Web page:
Before we go any farther, let’s take a brief look at each of those three stages:

Design Thinking (Ideation)

We explain design thinking in more detail here, but simply put, it is a systematic approach to problem solving that puts end-user experience first. It focuses on what your customers need and want, not on what product lines you hope to develop or what technologies you want to explore. These user pain points and needs will drive the ideation process.

Minimum Viable Product (MVP)

A MVP is a basic iteration of an idea with simplified functionality. The goal is to develop the first meaningful user experience to enter the market, without fully developing every feature. The MVP answers the “should we build this” question and gives you information about how you should prioritize future ideas. It is a cost-effective way to elicit user feedback and test the validity of your idea without sinking too much capital into its development prematurely.

Agile Development    

Agile development works hand in hand with design thinking, because it uses an evolving, iterative process that isn’t married to old ways of thinking or rigid processes. Agile development and implementation can be used to validate individual features and focus on high-priority tasks while also staying connected to the needs of the end user.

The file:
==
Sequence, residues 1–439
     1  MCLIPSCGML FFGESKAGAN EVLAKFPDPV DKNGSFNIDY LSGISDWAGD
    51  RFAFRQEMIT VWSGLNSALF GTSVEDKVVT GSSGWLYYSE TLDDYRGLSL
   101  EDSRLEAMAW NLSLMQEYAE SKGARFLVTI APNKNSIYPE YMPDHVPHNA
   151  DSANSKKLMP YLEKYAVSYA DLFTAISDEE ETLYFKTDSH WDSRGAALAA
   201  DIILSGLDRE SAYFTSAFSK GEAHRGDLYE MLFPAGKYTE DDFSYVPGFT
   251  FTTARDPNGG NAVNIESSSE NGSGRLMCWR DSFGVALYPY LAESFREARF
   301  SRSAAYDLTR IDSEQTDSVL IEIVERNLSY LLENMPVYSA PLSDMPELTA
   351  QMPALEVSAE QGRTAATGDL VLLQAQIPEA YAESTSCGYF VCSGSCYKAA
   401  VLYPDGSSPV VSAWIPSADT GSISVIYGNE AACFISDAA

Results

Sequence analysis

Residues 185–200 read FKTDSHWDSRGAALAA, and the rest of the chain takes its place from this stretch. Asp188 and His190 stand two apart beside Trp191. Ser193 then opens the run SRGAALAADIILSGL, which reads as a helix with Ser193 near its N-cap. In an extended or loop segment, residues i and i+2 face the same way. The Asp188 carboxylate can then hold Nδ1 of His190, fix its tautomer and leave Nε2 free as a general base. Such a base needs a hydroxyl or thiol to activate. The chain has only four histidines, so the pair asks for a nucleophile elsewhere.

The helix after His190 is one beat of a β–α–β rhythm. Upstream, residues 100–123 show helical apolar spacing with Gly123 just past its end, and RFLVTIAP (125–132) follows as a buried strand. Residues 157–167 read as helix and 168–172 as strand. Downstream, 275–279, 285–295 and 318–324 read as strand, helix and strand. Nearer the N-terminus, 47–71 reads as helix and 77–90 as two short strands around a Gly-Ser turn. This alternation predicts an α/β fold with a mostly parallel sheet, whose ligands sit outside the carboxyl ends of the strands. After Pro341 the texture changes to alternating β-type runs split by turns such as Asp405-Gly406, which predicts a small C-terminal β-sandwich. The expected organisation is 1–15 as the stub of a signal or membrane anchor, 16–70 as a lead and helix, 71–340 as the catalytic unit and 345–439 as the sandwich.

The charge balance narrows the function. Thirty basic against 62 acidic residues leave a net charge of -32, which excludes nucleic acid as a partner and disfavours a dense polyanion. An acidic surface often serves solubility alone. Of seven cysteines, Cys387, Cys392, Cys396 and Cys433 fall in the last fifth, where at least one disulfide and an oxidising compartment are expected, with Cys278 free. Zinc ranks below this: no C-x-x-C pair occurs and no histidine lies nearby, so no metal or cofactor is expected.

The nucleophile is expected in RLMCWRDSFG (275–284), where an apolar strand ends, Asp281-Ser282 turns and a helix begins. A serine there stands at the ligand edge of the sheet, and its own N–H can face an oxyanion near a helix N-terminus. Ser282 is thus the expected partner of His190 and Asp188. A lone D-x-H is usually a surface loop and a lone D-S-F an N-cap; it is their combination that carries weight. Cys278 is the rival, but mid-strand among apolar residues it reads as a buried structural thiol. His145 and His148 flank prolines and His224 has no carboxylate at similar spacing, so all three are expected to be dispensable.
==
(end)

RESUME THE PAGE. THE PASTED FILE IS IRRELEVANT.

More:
5 Reasons Business Models Based on Design Thinking Work

Software development that begins with user needs has a higher likelihood of success because it generates and evaluates ideas based on customer feedback rather than on gut feelings or confirmation bias.

Shaping your business model around design thinking and agile development serves your customers by:

Empathizing with their pain points

Design thinking is fundamentally human-centric, and it is the foundation for human-centered digital design protocols. The goal is to understand what challenges people face with current technology, and to focus on how they feel when using a product. What are they trying to do, and what limitations do they currently face? What are their expectations and hopes? Engaging in this empathetic process for each set of key stakeholders is what sets design thinking apart from other business models.

Generating viable, customer-centric ideas